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Kane, Alexandre (SINTEF Materials and chemistry) | Osen, Vidar (SINTEF Materials and chemistry) | Ren, Xiaobo (SINTEF Materials and chemistry) | Nordhagen, Håkon O. (SINTEF Materials and chemistry) | Grytten, Frode (SINTEF Materials and chemistry) | Akselsen, Odd M. (SINTEF Materials and chemistry) | Zoric, Josip (SINTEF Materials and chemistry)
A data management system for material assessment at low temperature is developed in the context of large test programmes run in a current research project called Arctic Materials II. A generic database platform is proposed for efficient access to material data and to analyses of various materials such as steels/weldments, aluminium alloys, composites and polymers/coatings. Safe and flexible data processing accessible through a customized web interface is obtained by unifying test results, test methods, and procedures (e.g. tensile testing, fracture mechanics testing) and predictive models of fracture. The framework provides a solid support for the development of more robust solutions to account for the influence of, e.g., temperature, constraint effects, residual stresses, crack arrest, probabilistic scatter, and scaling on the material response. Its aim is also to contribute to an improved design guideline for materials requirements in Arctic conditions (down to -60°C)
The local strengths of three X-100 girth welds were tested as part of a study of the effects of heat-affected zone (HAZ) softening. While one of the welds showed obvious softening in the HAZ on all types of testing, two others showed mixed results. These mixed results allow comparisons of results from microtensile specimens, notched tensile specimens and hardness measurements as descriptors of HAZ softening. INTRODUCTION Previous work by Mohr (2003) had indicated that a combination of softened HAZ and internal pressure could cause high strain concentrations at the HAZ under conditions with plastic axial strains. Continued work in Mohr (2006) has been directed to further understand this behavior and its limits. This paper discusses mechanical testing that has been used to examine the possible softening of X-100 girth welds as part of the general assessment of the effect of HAZ softening on strain capacity. Strain-based design is used for many situations for pipelines where the loadings from forces other than the internal pressure can be the largest generators of stress and strain in the pipe wall. Such loadings can be generated by soil subsidence, frost heave, thermal expansion and contraction, landslides, pipe reeling, pipe laying, and several other types of environmental loading. Designing based on strain for these cases has an advantage over designing based on stress because these loadings tend to apply a given displacement rather than a given force to the pipe. A survey of the literature on the formation of softened regions in the HAZ of steel pipeline girth welds was performed, extended with two experimental studies. The first study used hardness measurements on existing weld cross sections from simulated girth welds in X-100 plate sections. The second study used small-scale tensile specimens and hardness measurements to determine the local mechanical properties of regions of the HAZ of girth welds in X-100 pipe. Some of the testing was reported in Mohr (2006).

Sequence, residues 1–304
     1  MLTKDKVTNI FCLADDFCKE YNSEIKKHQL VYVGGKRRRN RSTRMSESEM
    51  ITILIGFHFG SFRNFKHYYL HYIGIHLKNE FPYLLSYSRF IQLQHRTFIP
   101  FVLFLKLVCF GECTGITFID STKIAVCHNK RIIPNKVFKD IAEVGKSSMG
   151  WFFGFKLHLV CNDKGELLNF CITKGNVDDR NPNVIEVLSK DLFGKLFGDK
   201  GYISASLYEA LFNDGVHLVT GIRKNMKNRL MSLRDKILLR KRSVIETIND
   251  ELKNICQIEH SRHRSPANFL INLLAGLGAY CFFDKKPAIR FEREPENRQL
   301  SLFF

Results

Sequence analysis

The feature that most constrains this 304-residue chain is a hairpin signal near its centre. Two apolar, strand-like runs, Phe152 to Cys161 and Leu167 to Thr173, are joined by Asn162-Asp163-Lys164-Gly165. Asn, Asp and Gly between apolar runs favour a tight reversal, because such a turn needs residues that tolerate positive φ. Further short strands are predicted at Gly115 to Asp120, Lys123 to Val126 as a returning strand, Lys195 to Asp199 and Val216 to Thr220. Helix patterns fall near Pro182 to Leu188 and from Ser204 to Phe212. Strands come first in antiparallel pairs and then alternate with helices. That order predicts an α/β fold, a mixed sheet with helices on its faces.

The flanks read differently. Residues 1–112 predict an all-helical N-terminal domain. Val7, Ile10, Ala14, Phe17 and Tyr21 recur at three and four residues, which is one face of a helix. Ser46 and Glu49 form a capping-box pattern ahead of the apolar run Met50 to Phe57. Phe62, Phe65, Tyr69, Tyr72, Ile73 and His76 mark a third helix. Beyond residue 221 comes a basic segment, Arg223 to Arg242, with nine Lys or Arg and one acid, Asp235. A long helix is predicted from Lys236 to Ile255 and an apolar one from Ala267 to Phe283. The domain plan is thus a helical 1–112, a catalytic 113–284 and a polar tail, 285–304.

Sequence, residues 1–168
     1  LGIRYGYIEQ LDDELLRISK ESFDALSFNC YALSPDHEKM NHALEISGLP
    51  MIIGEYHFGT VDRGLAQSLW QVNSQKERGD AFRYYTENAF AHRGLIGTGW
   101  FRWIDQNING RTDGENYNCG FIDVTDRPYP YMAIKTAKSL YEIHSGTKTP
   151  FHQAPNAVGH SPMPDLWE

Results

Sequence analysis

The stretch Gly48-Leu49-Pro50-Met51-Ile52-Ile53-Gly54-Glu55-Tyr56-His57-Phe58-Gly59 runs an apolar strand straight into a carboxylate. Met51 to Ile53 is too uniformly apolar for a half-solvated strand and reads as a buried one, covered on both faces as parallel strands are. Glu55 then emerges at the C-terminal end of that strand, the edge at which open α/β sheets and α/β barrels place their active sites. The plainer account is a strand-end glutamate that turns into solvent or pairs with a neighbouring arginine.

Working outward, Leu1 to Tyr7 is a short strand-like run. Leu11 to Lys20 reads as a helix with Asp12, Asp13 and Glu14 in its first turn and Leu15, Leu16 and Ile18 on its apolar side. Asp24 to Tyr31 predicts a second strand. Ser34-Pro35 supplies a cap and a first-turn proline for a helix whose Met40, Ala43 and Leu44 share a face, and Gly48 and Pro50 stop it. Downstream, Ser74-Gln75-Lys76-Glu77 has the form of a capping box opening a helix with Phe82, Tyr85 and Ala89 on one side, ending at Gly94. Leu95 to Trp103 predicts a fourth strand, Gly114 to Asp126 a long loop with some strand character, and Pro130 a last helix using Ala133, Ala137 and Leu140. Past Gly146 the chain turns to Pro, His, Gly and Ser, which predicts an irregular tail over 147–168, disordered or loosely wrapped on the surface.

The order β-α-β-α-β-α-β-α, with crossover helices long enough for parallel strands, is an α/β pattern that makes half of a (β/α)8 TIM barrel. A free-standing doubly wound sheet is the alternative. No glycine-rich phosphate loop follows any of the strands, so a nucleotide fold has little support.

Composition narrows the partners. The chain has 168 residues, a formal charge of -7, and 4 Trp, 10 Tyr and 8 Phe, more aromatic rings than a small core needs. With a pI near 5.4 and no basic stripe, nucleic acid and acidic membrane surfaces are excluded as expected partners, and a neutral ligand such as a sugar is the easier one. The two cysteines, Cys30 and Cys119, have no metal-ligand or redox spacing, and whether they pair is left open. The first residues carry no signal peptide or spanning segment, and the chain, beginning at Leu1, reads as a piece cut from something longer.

Matsushita, Muneo (Joining & Strength Research Department, JFE Steel Corporation) | Kitani, Yasushi (Joining & Strength Research Department, JFE Steel Corporation) | Ikeda, Rinsei (Joining & Strength Research Department, JFE Steel Corporation) | Endo, Shigeru (Joining & Strength Research Department, JFE Steel Corporation)
As design temperatures increase and steel strength increases, the limits on yield strength of the nickel-alloy weld consumables make it more difficult to achieve overmatched weld areas, increasing the difficulty of a strain-based design assessment. Testing of Alloy 625 girth welds in X65 pipe clad with Alloy 825 found that the welds were approximately matching in yield strength to the steel in circumferential direction tests. Cross-weld tests at 20°C and 150°C found localized yielding up to 15% strain in the weld cap area followed by distribution of strain into the steel and failure in the steel.
The use of clad pipes for offshore oil and gas production has been worldwide, with multiple methods of pipe laying considered (Hval et al. 2014) (Jones et al. 2011). Assessments of the allowable flaw sizes in these girth welds generally indicate that there is value in increasing the strength of the girth welded area toward overmatching of both the yield and ultimate strength of the girth weld compared to the base metal, particularly in cases with cyclic plastic strain (Yang et al. 2009) (Tronskar et al. 2015) (Tkaczyk et al. 2015) (Carlucci et al. 2014).
There has been a desire to continue to use a single electrode for the entire girth weld to advance strength, but also provide internal corrosion resistance. Some patented methods are available for increasing the strength of girth welds, while retaining other desirable properties (Ayer et al. 2013) (Ayer et al. 2014). These methods have not widely entered welding practice, as users have primarily worked with Alloy 625 and Alloy 688 consumables.
Under these circumstances one way of improving the assessment of the allowable flaw size for strain-based design conditions would be to include a better understanding of the yielding behavior and strain aging capability of both the steel and the weld metal into models describing their behavior during reeling, installation, and service.
This phase of the project looks at the tensile behavior of example weld areas both at room temperature and at elevated temperatures.